It is not often that I am able to speak enthusiastically about government support to crofting, but credit where credit is due.
The Croft House Grant Scheme was getting knocked again in the press recently, I think unfairly.
The Scottish Crofting Federation (SCF) has pushed for improvements to this scheme since it replaced the Croft Building Grant and Loan Scheme and put forward many suggestions which could make the scheme more effective.
These were at last acted upon with the result that the scheme does work much better than it did. In the first year of the re-vamped scheme £1.4million was approved, about average spend, the difference being to whom it went and how much they got.
So far this year, 46 applications have been received. Of the 33 eligible, 29 were approved (88%) sharing in £948,000, and a further £600,000 was announced at the SCF gathering by the cabinet secretary. And there are three more application windows in June, September and December.
Some applications fail on eligibility for reasons such as not being a crofter; not proposing to work the croft; having a house or houses on the croft already; not having the tenancy or ownership of the croft yet or simply not providing all the information asked for. Some lose points in the scoring system, which is not a means test but is a series of criteria that gain or lose points. Means is only one of the many criteria.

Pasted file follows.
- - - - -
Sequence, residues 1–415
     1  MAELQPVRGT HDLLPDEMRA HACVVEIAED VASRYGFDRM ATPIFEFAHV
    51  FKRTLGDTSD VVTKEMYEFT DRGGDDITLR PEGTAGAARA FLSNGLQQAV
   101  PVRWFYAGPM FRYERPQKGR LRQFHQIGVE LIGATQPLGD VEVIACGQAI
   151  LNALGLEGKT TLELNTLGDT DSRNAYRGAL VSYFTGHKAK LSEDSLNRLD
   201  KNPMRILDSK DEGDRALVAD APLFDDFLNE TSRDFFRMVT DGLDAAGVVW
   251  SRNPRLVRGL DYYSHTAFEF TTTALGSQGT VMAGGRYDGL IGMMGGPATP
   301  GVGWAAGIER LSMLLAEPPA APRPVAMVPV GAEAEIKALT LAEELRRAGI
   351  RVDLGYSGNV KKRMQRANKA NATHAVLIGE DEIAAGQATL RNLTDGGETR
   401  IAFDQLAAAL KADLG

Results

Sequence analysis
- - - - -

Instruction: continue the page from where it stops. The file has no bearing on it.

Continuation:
It is not perfect and tough decisions have to be made, but we think the officials are getting it pretty much right. Money is, by and large, being targeted to those who need it and houses are being built in the crofting areas with the most effective use of public money.
Following the Crofting Commission elections we now have a full complement of commissioners in place, including replacements for commissioners implicated in the troubles of the previous board. Having had a very good response from commissioners to the invitation to be considered for the role of convener, we now await Fergus Ewing’s choice of appointment.
Readers will not have missed the disappointment of crofters over the government announcement that Areas of Natural Constraint (ANC) support will not be introduced, or the irritation of SCF that the NFU Scotland (NFUS) support, indeed take credit for, this decision. LFASS has been misused for years, paying more per hectare to those on better land – Less Favoured Areas Support Scheme? ANC would have redressed this, moving funding to the Areas of Natural Constraint.
The ensuing spat in the media led NFUS to inferring that crofters are not active enough. Apart from the insult, the NFUS belated enthusiasm for activity is galling coming from the organisation that spawned the “slipper farmer”. Their lobby in the 2003/4 round of Common Agricultural Policy (Cap) negotiations, you will remember, insisted on “historic payments” whereby highly stocked farms on good land could shed their livestock and still receive a handsome “retirement fund” from the public purse. Yes the Cap is bizarre but what will Brexit bring?
Patrick Krause is chief executive of the Scottish Crofting Federation